Under certain insane circumstances one has to consider the amount of stability and grace they can administer to their current realities. Is it all pointless, as Beth points out? In a world full of undead walkers aching to get a bite of human flesh, would the end be best for everybody? Is a showdown between two best friends ever worth it? Are human relations even worth fighting over at a time like this? Decisions, decisions. All in this week’s installment of The Walking Dead. In which Rick and Shane go head-to-head and Lori and Andrea duke it out over some “life or death” situations.
Rick and Shane have a little conversation. Rick stands his ground and gives Shane something to ponder on. Rick is not as much of a pushover as everyone seems to think. He has standards, morals, and as always, is struggling to make the right decisions to protect those around him. He is sheriff after all. Shane is floundering yet again, and this time his true colors towards Rick are coming to the surface. All escalating into a rumble between the two, ending in a ratchet whirling through a window awakening a pack of hungry walkers. Testosterone and stupidity go hand-in-hand with two men bickering over who gets to be leader and make the tough decisions. All of this while trying to make a decision where to leave this stranger (Randall) they picked up last episode. Sadly, this stranger becomes a person to them when he gives them a few tidbits on his life. Great. The decision is yet to have been made clear although it seems Rick may have to take his life just to ensure everyone’s safety. But first, he’ll leave Shane behind waiting to be eaten by hungry zombies…
Suicide. It may be the answer to some during such a time of loss. Loss of friends and family, and of hope for something better. Think about it. If left to the world, a world such as the world in The Walking Dead, would it be better to take your own life and escape inevitable doom or to suffer through it until your time eventually came? Beth couldn’t think of a worse hell than the second option apparently, which leads to her want to take her own life. A decision Andrea seems to think is all up to Beth herself and no one else. An argument that could be looked at in context to assisted-suicide. Think Dr. Jack Kevorkian. But not quite. Is Andrea assisting in suicide? The arguments Andrea makes toward Lori are valid and varied. Is it right? Then again, what’s right in this world? While Maggie and Lori try to save Beth’s life, Andrea seems to make her point clear. Beth made a choice, even if Andrea crossed a line, Beth made a definite choice. For once, I happen to be on Andrea’s side. If Beth really wanted to die, she would have done so given the chance. Andrea would be somewhat of an expert in this field given her previous experiences. It was a nice study on what would be a real consideration for many in the given insane circumstance. It wasn’t graceful or necessarily “stable”, but it was an interesting way to handle things. Disagree? Was there another way to handle this with grace, charm, stability etc…???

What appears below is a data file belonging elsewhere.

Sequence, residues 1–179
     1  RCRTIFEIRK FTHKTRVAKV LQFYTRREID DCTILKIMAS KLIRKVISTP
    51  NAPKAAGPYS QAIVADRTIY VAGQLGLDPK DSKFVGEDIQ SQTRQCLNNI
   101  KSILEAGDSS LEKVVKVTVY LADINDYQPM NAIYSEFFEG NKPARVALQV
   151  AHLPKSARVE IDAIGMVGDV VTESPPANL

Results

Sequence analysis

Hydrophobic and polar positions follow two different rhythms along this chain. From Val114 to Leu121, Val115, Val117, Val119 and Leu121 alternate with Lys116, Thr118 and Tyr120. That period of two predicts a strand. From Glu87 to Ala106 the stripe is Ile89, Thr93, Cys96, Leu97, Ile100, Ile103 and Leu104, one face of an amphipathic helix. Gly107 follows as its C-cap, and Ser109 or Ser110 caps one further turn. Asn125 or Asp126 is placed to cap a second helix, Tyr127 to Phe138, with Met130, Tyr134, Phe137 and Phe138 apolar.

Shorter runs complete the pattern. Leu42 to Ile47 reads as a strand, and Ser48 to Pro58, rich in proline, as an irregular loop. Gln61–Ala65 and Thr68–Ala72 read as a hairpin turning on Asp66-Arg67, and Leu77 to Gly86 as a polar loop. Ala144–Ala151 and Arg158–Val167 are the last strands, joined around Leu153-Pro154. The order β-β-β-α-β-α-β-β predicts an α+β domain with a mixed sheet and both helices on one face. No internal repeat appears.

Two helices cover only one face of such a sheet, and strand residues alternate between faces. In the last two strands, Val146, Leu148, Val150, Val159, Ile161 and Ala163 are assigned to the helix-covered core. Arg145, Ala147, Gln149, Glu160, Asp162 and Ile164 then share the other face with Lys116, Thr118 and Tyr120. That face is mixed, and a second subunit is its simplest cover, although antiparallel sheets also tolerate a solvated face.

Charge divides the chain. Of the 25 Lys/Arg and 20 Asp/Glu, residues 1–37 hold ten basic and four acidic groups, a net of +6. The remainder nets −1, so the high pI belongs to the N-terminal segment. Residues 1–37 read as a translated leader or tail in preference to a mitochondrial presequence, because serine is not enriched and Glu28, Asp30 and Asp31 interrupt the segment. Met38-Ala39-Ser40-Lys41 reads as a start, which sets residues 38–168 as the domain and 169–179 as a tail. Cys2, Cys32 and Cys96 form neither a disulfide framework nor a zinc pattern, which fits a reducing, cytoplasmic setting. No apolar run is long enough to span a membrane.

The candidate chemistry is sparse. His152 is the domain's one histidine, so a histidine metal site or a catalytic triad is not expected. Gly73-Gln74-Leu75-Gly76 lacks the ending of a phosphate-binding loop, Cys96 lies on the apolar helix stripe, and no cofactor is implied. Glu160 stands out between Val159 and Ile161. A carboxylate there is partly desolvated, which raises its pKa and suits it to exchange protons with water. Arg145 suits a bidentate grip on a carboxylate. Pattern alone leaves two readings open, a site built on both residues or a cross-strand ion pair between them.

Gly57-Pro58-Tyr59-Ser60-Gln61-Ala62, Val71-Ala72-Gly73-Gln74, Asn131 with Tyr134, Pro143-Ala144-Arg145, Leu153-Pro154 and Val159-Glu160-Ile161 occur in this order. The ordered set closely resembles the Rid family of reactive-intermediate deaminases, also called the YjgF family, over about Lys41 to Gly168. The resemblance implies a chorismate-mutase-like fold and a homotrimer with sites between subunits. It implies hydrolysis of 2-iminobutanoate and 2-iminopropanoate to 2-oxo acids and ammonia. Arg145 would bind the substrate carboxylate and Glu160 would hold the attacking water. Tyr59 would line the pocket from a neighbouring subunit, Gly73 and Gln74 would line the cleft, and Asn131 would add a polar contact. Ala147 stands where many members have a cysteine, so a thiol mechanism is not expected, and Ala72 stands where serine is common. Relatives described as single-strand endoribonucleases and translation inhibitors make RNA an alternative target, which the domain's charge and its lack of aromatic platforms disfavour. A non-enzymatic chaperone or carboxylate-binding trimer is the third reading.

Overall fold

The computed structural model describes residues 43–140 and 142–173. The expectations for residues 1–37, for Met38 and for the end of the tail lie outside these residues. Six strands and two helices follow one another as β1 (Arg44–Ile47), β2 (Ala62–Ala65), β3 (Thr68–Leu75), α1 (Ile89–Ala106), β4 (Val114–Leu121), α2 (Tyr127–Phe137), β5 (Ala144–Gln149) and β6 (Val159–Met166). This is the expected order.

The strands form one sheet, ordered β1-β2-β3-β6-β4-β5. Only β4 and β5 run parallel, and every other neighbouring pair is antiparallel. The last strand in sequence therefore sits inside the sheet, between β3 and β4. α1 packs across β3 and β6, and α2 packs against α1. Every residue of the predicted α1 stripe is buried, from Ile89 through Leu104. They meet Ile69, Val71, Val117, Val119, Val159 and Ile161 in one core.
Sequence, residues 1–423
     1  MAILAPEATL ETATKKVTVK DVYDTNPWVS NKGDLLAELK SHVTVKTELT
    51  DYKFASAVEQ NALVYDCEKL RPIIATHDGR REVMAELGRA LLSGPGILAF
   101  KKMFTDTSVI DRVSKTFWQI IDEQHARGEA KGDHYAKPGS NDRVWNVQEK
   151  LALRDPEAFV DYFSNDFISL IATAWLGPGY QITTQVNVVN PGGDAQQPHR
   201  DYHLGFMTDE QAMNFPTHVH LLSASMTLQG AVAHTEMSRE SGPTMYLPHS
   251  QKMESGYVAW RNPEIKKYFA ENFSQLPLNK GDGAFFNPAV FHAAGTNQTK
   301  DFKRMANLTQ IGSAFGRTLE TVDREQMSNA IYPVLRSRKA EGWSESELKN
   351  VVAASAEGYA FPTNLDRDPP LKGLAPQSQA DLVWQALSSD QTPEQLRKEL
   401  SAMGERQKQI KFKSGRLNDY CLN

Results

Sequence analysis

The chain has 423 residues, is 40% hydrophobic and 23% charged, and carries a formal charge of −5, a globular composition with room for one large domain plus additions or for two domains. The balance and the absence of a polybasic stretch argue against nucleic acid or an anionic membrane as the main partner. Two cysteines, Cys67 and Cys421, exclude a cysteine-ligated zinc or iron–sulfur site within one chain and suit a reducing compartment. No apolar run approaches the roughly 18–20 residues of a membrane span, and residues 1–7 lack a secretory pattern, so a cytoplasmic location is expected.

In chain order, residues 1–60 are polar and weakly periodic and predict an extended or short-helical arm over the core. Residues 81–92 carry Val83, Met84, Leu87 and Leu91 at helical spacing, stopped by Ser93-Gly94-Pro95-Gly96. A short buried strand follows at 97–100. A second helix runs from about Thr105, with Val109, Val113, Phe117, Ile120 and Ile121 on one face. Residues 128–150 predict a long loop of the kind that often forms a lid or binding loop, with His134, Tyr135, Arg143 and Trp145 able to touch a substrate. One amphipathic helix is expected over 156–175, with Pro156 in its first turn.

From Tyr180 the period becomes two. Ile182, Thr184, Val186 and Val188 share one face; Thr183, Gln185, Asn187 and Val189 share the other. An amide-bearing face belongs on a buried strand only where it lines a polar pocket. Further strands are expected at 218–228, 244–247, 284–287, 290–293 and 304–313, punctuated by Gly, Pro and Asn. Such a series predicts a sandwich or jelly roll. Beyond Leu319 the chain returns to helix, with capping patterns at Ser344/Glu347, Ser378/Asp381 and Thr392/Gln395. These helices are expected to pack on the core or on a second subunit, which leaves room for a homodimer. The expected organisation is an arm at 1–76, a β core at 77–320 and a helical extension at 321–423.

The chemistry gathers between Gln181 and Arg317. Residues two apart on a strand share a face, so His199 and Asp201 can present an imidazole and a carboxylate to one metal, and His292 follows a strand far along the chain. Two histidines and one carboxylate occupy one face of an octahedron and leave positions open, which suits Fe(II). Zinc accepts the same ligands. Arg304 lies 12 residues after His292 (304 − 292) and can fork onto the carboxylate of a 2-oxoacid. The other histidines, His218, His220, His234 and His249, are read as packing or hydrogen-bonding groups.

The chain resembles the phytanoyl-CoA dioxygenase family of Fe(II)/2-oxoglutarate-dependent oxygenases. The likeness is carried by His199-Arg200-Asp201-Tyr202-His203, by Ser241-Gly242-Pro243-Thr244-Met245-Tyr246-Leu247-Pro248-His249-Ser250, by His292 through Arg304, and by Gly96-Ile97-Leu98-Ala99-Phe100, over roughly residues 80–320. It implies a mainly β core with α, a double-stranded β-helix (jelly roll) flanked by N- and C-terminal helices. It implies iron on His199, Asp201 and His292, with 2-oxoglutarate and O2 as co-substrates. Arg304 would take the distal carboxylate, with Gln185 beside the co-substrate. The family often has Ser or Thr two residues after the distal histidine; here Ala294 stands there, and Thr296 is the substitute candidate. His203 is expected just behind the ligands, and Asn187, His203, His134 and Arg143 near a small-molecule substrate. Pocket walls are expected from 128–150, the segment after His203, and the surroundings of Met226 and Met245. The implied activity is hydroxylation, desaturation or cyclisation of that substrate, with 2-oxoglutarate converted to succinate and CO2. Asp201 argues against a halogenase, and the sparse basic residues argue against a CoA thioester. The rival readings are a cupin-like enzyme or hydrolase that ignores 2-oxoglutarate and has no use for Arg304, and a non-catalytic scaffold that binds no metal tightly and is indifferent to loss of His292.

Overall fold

Furthermore, the argument Lori and Andrea have established a lot for both of these women. Lori seems very traditional, while Andrea is a more of an abrasive woman. Both are strong in their own sense, which made their argument so tense and enjoyable to watch. Andrea is very versatile in many situations, she’s smart and rather innovative, although sometimes dangerously impulsive. Obviously something Lori, nor Maggie can comply with. Lori might even be intimidated that Andrea is aware and speaks on the fact that Lori acts like the little lady in charge. The first lady of the survivors, if you will. Lori’s arrogance at times is what gets to everyone quite often. Andrea just chose to speak on it. And it is something I congratulate her for doing.
So, it looked like the end of Shane there for a moment, but you know Rick could never do it. But given the current events and what just happened between the two, how can they re-establish any kind of relationship? With all the suspense and anticipation leading up to the final few episodes, one can decipher and envision an unhappy outcome. Maybe it would have been best for everyone to take a note out of Beth’s book. I don’t see any happy endings from here on. When personal issues and pride become more important than safety, one has to consider leaving grace, stability and poise at the door, and “18 miles out”. Literally. But Rick takes back control and momentarily puts Shane back in his place…momentarily.
For a multitude of face-offs for a few of our characters and the myriad of tough decisions to be considered and still agreed upon, The Walking Dead’s fantastic tenth hour of Season 2, “18 Miles Out”, receives a glimmering 5 out of 5 stars!
Tension is building and anticipation is accumulating. We have three more episodes of the season left. And by the looks of the promo for next week’s episode (on the left), the show will be going out with a bang.
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